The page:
The Allies saw the danger and bombed the railway, succeeding in slowing down these supplies in 1944. By this time the Japanese had reached India and the Battle of Kohima took place. The Japanese were defeated at Kohima and the Allies were on the offensive, driving the Japanese forces back into Burma. It was evident that if the Japanese were pushed back through Burma it could result in their forces being cut off, an escape route was required, the Mergui Road was built for this reason.
The Mergui Road started construction in April 1945, the prisoners that survived were still working on the road when the Japanese surrendered on 18th August 1945.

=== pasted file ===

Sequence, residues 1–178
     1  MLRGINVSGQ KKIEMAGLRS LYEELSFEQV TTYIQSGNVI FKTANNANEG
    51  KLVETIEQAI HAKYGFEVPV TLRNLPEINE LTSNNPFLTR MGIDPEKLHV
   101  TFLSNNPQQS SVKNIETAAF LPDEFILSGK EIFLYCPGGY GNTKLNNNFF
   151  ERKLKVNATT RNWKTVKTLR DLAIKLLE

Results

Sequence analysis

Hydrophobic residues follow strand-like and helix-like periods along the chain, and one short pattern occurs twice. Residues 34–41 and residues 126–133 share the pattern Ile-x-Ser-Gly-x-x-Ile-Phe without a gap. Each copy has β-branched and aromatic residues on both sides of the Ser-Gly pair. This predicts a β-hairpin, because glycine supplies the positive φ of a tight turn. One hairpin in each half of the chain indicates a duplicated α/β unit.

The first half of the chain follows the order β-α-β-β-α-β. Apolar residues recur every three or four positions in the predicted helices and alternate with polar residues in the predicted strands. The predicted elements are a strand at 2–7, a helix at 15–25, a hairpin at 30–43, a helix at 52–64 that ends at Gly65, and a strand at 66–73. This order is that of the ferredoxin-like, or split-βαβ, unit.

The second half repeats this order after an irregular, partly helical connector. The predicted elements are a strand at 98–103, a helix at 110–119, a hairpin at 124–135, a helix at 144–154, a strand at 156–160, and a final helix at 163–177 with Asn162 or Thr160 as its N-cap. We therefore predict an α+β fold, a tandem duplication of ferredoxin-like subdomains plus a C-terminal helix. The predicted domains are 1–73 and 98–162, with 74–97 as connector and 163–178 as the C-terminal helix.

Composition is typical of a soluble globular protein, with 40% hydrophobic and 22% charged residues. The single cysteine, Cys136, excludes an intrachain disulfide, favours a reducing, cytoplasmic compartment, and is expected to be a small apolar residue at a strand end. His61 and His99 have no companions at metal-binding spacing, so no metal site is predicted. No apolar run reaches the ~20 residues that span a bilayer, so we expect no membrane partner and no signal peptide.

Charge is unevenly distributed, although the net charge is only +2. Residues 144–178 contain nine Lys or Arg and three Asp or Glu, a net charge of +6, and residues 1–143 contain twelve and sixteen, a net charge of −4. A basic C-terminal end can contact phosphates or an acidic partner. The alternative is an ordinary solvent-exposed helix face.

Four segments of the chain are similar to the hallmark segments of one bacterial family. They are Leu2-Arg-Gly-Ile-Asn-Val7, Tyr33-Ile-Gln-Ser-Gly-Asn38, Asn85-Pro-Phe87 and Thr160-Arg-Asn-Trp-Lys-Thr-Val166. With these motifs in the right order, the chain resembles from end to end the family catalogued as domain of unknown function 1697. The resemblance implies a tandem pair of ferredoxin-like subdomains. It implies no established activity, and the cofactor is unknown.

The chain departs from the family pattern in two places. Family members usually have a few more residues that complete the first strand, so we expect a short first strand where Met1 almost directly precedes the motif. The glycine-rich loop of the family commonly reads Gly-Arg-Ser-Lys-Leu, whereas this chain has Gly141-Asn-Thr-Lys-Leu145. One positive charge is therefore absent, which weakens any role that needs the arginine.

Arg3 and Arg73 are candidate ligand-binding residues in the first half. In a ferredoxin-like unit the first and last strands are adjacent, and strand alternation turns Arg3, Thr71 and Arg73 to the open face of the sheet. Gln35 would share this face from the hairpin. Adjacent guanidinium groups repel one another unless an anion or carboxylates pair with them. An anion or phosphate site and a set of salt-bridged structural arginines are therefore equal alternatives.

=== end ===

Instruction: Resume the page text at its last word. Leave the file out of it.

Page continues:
Approximately fifty per cent of the work force were selected from the Nakom Pathon hospital patients by the Japanese medical officer, Neguchi, who showed no regard for their physical condition. The Japanese said the work party of 1000 prisoners was for light work in Malaya.
Many of the prisoners at Nakom Pathon had worked for the last 12 to 18 months on the Death railway and were very ill and undernourished but they saw Nakom Pathon as a place of death and many wanted to get away. This false promise from the Japanese of light work was yet another lie, the work force was for the construction of the Mergui Road, the road was to be made over a mountainous region between Mergui in Burma and Prachuap Khiri Khan in Thailand.